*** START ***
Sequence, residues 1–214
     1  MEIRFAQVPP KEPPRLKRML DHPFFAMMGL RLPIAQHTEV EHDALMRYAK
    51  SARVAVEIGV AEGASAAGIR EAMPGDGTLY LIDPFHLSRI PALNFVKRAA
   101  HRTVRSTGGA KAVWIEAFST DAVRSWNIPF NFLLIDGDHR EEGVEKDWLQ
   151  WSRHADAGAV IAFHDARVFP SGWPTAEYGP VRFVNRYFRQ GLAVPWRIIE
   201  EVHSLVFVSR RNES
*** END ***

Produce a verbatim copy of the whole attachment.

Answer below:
Sequence, residues 1–214
     1  MEIRFAQVPP KEPPRLKRML DHPFFAMMGL RLPIAQHTEV EHDALMRYAK
    51  SARVAVEIGV AEGASAAGIR EAMPGDGTLY LIDPFHLSRI PALNFVKRAA
   101  HRTVRSTGGA KAVWIEAFST DAVRSWNIPF NFLLIDGDHR EEGVEKDWLQ
   151  WSRHADAGAV IAFHDARVFP SGWPTAEYGP VRFVNRYFRQ GLAVPWRIIE
   201  EVHSLVFVSR RNES